candlestick

1841


The Collected Letters, Volume 13


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TC TO THOMAS CHALMERS ; 11 October 1841; DOI: 10.1215/lt-18411011-TC-TCH-01; CL 13: 274-276


TC TO THOMAS CHALMERS

5, CHEYNE ROW, CHELSEA, LONDON October 11th, 1841.

MY DEAR SIR— The book you have honoured me by sending, and the letter along with it, arrived here two days ago. Allow me to return many kind thanks for this attention. I am glad and proud to be remembered by one who is always memorable to me, and memorable to all the world, whether they have seen or have not seen him.

A wholesome, grateful air of hope, brotherly kindness, cheerful sagacity, salutes me from this book as I eagerly glance over it: to read it with care, as I purpose shortly to do, will be no task for me, but a pleasure. One is sure beforehand of finding much, very much, that one must at once and zealously assent to; and slower assent, doubt, examination,—nay, ultimate dissent itself, (turning only on the application and details), can but render a beautiful deeper basis of agreement more visible. It seems to me a great truth this fundamental principle of yours, which I trace as the origin of all these hopes, endeavours, and convictions in regard to Pauperism, that human things cannot stand on selfishness, mechanical utilities, economics, and law-courts; that if there be not a religious element in the relations of men, such relations are miserable and doomed to ruin. A poor-law can be no lasting remedy; the poor and the rich, when once the naked parts of their condition come into collision, cannot long live together upon a poor-law! Solely as a sad transitionary palliative against still fiercer miseries and insupportabilities can it pretend to recommend itself, till something better be vouchsafed us, with true healing under its wings!1

Alas! the poor of this country seem to me, in these years, to be fast becoming the miserablest of all sorts of men. Black slaves in South Carolina, I do believe, deserve pity enough; but the Black is at least not stranded, cast ashore, from the stream of human interests, and left to perish there: he is connected with human interests, belongs to those above him, if only as a slave. Blacks, too, I suppose, are cased in a beneficent wrappage of stupidity and insensibility: one pallid Paisley weaver, with the sight of his famishing children round him, with the memory of his decent independent father before him, has probably more wretchedness in his single heart than a hundred Blacks.2 Did you observe the late trial at Stockport, in Cheshire, of a human father and human mother, for poisoning three of their children to gain successively some £3,8s. from a Burial Society for each of them!3 A barrister of my acquaintance, who goes that circuit, informs me positively that the official people durst not go farther into this business; that this case was by no means a solitary one there; that, on the whole, they thought it good to close up the matter swiftly again from the light of day, and investigate it no deeper. ‘The hands of the pitiful women have sodden their own children!’4 Such a state of matters cannot subsist under the firmament of Heaven: such a state of matters will remedy itself, as God lives—remedy itself, if not by mild means, then by fierce and fiercest!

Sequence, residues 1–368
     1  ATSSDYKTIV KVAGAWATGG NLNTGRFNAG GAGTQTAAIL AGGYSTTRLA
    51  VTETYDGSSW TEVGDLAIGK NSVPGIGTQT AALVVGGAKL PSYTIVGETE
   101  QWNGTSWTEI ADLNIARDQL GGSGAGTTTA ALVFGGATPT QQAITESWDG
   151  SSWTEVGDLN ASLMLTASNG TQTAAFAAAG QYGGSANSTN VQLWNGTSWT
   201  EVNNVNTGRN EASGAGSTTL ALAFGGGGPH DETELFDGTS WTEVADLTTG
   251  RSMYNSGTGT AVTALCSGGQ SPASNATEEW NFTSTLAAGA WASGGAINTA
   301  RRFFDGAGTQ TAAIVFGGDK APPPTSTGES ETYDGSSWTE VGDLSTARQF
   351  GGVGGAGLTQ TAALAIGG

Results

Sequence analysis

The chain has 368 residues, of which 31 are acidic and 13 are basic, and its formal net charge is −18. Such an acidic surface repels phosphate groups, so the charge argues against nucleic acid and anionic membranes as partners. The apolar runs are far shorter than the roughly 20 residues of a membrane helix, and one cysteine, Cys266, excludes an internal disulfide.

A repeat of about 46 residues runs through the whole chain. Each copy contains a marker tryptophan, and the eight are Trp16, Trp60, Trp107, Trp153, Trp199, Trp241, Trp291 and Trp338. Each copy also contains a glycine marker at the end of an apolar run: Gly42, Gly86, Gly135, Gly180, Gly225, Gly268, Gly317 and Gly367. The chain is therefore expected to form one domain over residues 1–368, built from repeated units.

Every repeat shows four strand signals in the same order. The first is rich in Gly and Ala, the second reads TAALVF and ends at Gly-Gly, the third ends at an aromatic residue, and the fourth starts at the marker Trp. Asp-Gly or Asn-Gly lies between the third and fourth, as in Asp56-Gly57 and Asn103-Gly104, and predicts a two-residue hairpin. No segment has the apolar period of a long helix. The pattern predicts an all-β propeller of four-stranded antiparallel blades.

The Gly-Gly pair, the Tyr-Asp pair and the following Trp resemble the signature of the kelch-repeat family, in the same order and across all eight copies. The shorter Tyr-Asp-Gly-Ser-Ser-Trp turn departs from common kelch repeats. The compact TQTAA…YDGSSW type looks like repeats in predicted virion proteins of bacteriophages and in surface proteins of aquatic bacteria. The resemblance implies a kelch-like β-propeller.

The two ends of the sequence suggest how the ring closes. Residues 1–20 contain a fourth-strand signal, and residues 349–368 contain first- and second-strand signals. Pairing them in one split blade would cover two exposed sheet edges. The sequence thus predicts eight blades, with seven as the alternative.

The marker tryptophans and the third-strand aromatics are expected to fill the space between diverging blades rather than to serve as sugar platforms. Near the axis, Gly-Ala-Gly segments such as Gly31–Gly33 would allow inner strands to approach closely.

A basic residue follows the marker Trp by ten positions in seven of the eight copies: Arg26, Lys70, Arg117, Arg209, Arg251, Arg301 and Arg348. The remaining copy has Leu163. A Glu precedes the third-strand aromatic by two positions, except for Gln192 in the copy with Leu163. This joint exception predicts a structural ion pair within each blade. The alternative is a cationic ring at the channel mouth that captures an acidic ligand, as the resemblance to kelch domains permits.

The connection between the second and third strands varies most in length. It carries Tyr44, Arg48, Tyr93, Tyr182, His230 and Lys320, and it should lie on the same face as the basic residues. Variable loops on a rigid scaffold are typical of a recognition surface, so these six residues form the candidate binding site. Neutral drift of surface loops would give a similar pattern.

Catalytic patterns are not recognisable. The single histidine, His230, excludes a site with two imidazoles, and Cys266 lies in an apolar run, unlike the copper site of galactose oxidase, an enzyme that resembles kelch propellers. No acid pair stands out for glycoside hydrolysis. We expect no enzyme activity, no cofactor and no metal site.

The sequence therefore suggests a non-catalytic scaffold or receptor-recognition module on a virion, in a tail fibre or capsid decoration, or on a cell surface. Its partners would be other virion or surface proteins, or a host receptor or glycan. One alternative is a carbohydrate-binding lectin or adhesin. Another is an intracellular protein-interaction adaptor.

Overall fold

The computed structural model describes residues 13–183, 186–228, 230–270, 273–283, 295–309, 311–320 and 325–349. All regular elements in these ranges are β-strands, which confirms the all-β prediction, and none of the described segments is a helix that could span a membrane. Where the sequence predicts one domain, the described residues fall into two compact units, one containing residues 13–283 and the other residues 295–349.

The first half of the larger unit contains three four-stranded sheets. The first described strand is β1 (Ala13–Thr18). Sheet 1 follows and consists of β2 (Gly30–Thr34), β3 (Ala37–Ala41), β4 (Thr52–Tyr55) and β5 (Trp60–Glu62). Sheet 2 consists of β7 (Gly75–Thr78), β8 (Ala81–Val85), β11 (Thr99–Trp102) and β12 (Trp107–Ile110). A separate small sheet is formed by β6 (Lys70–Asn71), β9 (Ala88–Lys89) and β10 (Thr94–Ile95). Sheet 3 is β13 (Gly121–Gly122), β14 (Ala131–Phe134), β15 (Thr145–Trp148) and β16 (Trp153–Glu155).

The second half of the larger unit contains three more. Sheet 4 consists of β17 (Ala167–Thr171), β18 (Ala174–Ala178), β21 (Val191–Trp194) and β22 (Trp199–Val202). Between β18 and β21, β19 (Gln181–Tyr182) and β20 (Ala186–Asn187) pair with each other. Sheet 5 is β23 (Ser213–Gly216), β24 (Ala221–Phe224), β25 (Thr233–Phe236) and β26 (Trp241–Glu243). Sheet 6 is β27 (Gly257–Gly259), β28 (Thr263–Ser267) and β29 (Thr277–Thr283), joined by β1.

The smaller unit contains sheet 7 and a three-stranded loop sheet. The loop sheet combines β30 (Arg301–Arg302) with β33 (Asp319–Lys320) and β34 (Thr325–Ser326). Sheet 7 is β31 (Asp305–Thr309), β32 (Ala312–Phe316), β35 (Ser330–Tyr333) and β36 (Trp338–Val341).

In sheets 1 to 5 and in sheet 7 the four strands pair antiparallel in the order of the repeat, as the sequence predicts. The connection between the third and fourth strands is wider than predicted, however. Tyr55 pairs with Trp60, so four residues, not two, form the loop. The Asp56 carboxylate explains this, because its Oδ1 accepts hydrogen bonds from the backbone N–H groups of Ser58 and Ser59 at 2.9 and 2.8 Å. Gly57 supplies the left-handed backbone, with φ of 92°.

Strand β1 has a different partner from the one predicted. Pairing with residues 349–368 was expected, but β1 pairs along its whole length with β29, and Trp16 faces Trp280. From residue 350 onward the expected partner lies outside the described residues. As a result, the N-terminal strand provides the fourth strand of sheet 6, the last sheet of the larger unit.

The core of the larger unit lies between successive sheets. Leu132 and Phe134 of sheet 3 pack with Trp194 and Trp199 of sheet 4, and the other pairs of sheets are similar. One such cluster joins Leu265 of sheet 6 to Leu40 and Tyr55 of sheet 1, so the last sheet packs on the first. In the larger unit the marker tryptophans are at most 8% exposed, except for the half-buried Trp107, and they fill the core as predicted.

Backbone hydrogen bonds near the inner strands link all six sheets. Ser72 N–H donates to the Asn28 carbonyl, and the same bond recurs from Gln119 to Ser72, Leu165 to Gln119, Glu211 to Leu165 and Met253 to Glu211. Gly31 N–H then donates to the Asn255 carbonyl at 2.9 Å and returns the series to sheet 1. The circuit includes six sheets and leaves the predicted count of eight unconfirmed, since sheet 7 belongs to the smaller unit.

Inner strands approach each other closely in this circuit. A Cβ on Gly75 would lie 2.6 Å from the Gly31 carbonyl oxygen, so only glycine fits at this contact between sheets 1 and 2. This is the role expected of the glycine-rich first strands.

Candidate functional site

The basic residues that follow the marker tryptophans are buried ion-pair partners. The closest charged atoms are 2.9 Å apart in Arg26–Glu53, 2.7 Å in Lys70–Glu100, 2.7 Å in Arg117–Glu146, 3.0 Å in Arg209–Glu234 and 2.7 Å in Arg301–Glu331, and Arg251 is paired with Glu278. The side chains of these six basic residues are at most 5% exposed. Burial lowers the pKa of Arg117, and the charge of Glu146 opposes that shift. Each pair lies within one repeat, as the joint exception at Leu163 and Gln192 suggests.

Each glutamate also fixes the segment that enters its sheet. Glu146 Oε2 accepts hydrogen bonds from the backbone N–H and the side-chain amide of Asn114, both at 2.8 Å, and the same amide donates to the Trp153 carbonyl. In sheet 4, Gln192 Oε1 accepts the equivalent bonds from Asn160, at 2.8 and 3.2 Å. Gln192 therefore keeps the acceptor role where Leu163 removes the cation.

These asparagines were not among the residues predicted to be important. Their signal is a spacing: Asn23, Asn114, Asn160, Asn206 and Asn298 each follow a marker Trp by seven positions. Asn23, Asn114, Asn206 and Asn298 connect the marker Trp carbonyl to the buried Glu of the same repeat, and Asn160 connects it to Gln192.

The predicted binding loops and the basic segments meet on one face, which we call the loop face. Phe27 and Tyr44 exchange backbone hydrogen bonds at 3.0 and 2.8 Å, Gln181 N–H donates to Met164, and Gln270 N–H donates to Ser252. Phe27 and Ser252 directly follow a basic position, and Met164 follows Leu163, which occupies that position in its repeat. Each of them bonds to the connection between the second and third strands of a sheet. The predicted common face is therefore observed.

That you, with your generous hopeful heart, believe there may still exist in our actual Churches enough of divine fire to awaken the supine rich and the degraded poor, and act victoriously against such a mass of pressing and ever-accumulating evils—alas! what worse could be said of this by the bitterest opponent of it, than that it is a noble hoping against hope, a noble strenuous determination to gather from the dry deciduous tree what the green alone could yield? Surely, for those that have still such a faith, I will vote that they should have all possible room to try it in. With a Chalmers in every British parish, much might be possible! But, alas! what assurance is there that in any one British parish there will ever be another?

But enough of this. Go as it may, your labours in this matter are not lost—no jot of them is lost. Nay, in one shape or another, as I believe, the thing that you advocate must verily realize itself in this earth—across what famines, poor-laws, convulsions, and embroiled strugglings is not known to man. My prayer is, that a voice so humane, so true and wise, may long be heard in this debate, and attentively laid to heart on all sides.

With many kind wishes for you and yours, with lasting esteem and regard,

I remain, / My dear Sir, / Yours most sincerely,

THOMAS CARLYLE